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“The Day I Almost Died — But Instead Found Hope”

“I want to fight for this with all that I am to stop others from getting to the very edge as I did. Please join me. We CAN do this if we pull together.”

In late December last year, in an incredibly raw state of overwhelm, I painfully drove to a railway viaduct a few miles from my house and only just stopped myself from jumping to my death.

I’d always known I was “different” somehow. Teachers at primary school assigned my restlessness to boredom, as I was very bright and finished my work ten times faster than many of my classmates. I remember being frequently sent to the head-teacher’s office to greet visitors and work on other projects, now realizing it was just to get me out of the classroom.

In hindsight, I must have been really irritating, always blurting out my “know-it-all” answers and telling the class stuff I’d read in my encyclopedias. Not very many friends in the early years.

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My inner restlessness continued into my teens, when my undiagnosed ADHD started to affect my self-esteem. Like many girls and women with ADHD, I went completely under the radar, not fitting the stereotype of hyperactive, failing, and disruptive. I was frequently top of the class, so how could I have anything wrong with me?

I was just untidy, a bit disorganized, overly chatty, and blurting the wrong things, wasn’t I? And I convinced myself that I worked better under pressure to excuse the self-loathing I had begun to feel from my chronic procrastination and other issues. Pull yourself together and try harder, Michelle.

Soon impulsive decision making began to make an impact. I no longer wanted to be in the Oxbridge group in 6th Form, in there to apply for medicine. I had had a couple of lead roles in school musicals, so I decided on a whim I wanted to be a professional actor.

From bright working-class kid with a high IQ and a bursary to a private school, I flunked my A levels, luckily being offered a place at a good university to read theatre. But I felt a failure every single day, not for making that choice, but for my scatterbrain and disorganization. Daily shame.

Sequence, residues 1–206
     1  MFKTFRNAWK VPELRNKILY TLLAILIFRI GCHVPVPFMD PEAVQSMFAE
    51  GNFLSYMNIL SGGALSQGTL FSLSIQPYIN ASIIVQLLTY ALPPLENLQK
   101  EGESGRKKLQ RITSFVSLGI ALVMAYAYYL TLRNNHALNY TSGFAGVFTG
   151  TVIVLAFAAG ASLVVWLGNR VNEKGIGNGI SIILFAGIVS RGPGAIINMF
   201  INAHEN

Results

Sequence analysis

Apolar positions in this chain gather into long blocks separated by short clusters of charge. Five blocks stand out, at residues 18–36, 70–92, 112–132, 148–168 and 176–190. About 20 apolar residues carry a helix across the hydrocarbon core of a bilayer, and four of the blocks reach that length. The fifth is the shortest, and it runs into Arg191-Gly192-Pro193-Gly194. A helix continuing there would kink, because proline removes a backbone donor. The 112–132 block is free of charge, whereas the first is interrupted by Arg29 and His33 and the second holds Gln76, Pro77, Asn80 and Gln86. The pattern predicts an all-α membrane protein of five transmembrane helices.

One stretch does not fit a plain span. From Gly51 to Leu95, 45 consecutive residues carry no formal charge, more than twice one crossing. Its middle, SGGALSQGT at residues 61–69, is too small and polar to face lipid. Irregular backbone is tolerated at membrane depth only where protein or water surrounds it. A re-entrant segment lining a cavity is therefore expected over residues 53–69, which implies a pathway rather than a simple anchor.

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I never felt I reached my potential, always life circumstances and some dramatic event getting in the way. Pregnant at 22, then self-employment. Two failed marriages. Mother with terminal cancer and her long, drawn-out death. “Making it” postponed. Again. One day, soon, I’ll get there, I kept telling myself.

Meanwhile, increasing damage to my self-esteem from my life choices and daily difficulties was starting to eat away and affect my mental health. This was despite knowing that, when I was “on it,” I was highly creative, with a brain that could “do a month’s work in a day” according to an old business contact. Full of ideas, energetic and apparently likable. But I didn’t like myself.

I was a fraud, a phony. They couldn’t see the crap going on in my head, good and bad, at a million miles an hour, relentlessly.

About 6 years ago, aged 38, I decided to “fix” myself, knowing something was wrong. A neuroscientist in York rigged me up to an EEG machine. “Your brainwave patterns suggest you have ADHD.” I dismissed his diagnosis as rubbish. How could I have ADHD? I could sit still when I needed to. I was just rubbish and needed to sort myself out. Come on, Michelle. Metaphoric self-slap across the face.